So I have a problem... according to the specification given by my lab TA, we must
"write a Microsoft Visual Studio console application that will calculate the
following four operations over the elements of a two dimensional array (matrix) of integers:
All of these operations must be performed recursively. (See the design hints on the following
pages. No credit will be given for a simple sequential algorithm!) The program must
work with a matrix of any size. The size will be given as input."
We are also given that
"The class must have the following methods:
1. public int Sum(int[,] matrix, rowNum, colNum)
2. public int Average(int[,] matrix, rowNum, colNum)
3. public int Max(int[,] matrix, rowNum, colNum)
4. public int Min(int[,] matrix, rowNum, colNum)"
The method Main should be in its own class. Main should not be in class MatrixCalculator. In
Main, you will perform the following:
1. Read from console the number of rows for the matrix.
2. Read from console the number of columns for the matrix.
3. Create the matrix and read from console each of the numbers to initialize it. (For
example, if the number of rows is 3 and the number of columns is 3 you need to read 9
4. After reading the numbers display the matrix and a menu with the four operations and
a fifth option "Exit".
5. When an option is selected, perform the operation and show the result. (Use a switch
statement to invoke the appropriate method).
6. After performing an operation, display the menu and wait for the user to select another
7. The program terminates when the option "Exit" is selected.
The thing I have a problem with is how the heck do I recursively perform those four operations? Even the TA admits this is a stupid way to do this, but for some reason it's still our assignment... Being an inexperienced programmer I am horribly confused by recursive crap and even more so since a 2D array is involved... I have no idea what to do... this is what I've tried so far, but I can't really seem to get it...
//Sums the elements in an array
public int Sum(int[,] matrix, int rowNum, int colNum)
if (colNum == matrix.Length)
return Sum(matrix, rowNum + 1, 0);
else if (rowNum == matrix.Length)
return (matrix[rowNum, colNum] + Sum(matrix, rowNum, colNum + 1));
//Calculates the average of the elements in an array
public int Average(int[,] matrix, int rowNum, int colNum)
//Finds the maximum valued element in array
public int Max(int[,] matrix, int rowNum, int colNum)
//Finds the minimum valued element in array
public int Min(int[,] matrix, int rowNum, int colNum)
and for my other class:
static void Main(string args)
MatrixCalculator matrix = new MatrixCalculator();
I'm completely stuck. Our lecture professor didn't explain this stuff very well.
Obviously, this doesn't conform to the requirements to your assignment and is not meant to. But the logic of the recursion in this example is to start at the upperbounds of the rows and columns and work backgrounds until you reach 0,0 in the array, sort of like using the backspace on a keyboard.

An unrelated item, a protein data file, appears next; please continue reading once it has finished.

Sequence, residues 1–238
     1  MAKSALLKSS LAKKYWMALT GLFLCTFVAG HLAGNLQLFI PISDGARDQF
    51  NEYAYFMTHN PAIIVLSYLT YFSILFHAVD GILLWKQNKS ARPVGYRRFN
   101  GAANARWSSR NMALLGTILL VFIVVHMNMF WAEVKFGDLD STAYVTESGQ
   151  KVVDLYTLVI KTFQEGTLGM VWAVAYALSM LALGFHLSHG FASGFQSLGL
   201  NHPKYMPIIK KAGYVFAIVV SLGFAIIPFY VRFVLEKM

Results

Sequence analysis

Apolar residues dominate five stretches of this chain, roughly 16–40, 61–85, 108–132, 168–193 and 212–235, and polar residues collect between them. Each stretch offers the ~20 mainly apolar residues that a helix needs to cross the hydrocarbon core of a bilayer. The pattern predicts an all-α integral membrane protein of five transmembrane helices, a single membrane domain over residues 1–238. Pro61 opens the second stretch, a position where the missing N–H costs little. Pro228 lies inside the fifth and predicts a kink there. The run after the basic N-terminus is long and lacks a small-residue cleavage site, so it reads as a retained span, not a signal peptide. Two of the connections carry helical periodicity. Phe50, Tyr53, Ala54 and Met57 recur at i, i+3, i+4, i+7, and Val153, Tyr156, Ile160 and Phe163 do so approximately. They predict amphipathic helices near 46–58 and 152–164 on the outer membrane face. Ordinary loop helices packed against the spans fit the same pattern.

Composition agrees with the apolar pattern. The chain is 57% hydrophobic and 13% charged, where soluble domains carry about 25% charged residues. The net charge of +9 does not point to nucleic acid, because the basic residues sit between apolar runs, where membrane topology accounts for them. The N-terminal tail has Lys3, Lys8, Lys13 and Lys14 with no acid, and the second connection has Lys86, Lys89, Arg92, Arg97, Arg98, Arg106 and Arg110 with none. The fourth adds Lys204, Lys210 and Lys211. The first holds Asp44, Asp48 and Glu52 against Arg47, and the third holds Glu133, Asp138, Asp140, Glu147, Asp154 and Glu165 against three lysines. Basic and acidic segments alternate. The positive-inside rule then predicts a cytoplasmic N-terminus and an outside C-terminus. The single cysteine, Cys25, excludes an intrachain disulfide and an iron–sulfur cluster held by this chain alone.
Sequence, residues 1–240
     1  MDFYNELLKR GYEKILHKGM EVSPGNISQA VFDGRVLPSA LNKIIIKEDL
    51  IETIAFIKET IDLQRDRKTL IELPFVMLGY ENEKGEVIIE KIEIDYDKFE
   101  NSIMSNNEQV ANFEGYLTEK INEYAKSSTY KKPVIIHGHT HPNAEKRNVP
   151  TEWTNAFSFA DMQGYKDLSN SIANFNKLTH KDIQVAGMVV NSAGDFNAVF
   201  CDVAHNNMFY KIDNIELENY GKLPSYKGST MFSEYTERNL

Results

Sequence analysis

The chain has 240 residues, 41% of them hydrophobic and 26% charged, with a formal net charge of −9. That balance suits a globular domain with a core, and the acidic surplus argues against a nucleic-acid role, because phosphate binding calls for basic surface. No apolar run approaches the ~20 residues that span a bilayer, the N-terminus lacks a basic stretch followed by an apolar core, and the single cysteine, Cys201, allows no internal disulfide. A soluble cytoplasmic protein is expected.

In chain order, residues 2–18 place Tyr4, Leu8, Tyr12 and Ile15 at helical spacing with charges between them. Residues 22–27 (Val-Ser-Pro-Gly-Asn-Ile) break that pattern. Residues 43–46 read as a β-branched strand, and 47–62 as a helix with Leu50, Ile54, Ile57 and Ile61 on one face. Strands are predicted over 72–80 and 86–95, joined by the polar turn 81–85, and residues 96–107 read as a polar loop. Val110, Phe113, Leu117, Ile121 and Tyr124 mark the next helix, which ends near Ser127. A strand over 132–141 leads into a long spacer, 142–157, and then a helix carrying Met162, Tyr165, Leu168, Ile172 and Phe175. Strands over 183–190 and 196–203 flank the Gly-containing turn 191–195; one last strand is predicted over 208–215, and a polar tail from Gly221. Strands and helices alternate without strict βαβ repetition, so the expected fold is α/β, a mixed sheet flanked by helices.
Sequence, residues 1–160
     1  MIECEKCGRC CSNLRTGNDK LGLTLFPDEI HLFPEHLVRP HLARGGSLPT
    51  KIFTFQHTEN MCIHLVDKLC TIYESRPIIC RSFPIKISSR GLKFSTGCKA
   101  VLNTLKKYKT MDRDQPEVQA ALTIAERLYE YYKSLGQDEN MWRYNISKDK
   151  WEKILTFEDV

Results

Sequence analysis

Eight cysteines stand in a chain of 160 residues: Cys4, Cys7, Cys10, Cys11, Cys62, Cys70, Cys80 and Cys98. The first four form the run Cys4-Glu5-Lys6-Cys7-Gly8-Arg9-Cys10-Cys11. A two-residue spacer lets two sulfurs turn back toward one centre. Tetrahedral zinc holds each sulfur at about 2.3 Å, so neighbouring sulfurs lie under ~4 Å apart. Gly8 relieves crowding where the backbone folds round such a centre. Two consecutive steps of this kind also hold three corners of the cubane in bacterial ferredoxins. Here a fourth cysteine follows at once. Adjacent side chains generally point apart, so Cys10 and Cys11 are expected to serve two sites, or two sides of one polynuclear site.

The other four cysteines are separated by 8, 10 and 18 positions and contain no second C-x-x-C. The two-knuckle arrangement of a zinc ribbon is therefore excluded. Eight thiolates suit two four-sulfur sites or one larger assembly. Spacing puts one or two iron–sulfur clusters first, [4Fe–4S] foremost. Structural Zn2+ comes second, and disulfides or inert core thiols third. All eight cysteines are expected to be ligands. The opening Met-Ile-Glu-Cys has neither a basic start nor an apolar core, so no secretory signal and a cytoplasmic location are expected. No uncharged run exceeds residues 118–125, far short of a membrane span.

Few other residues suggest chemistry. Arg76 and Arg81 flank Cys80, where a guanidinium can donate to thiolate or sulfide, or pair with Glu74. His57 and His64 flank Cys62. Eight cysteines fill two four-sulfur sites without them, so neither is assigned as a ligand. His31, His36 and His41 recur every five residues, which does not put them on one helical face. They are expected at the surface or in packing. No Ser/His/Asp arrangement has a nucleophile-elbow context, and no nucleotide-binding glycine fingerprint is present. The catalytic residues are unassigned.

Using what I created for the Sum function as a base, I was able to quickly arrive at a Max function and then the Min function was literally a copy/paste find/replace. The Average function is eluding me for the moment. I don't think it would fly to use the recursive Sum function and simply divide by the number of elements in the 2D array, but I haven't yet arrived at an appropriate algorithm. Maybe tomorrow.
You motivated me to come back to trying to get the average recursively. I tell you, it's tricky for a couple of reasons, the first being that integer math doesn't really translate very well to calculating averages, and then the recursion just complicates it even further.
In integer math, the average of 2 and 3 is 2. You lose the decimal with integers, and all results are rounded towards 0. So if you have -1.9 and convert it to an integer, you get -1. Conversely, the decimal average of 2 and 3 is 2.5, but it shifts to 2 as an integer. You don't round to the nearest whole number, it's whatever number is between the value and 0.
So when you start trying to average a series of integers without really thinking about it, and you develop what you think is an outstanding algorithm (and I did... three times), and then you see the result the program spits out and you compare that to what you know the average to actually be? It hurts.
But in the past few minutes I dumped that whole great and complicated (but still short) method of calculation and finally arrived at a proper routine. Hint? No one says that every step in the recursion must produce an average. You just have to recursively use the Average function and ultimately produce the average by the end of it.
(You're still going to get an 0-shifted integer value if your true average is a decimal, but that's the nature of the beast.)
Oh, and for this one function, I found a good way to use array.Length!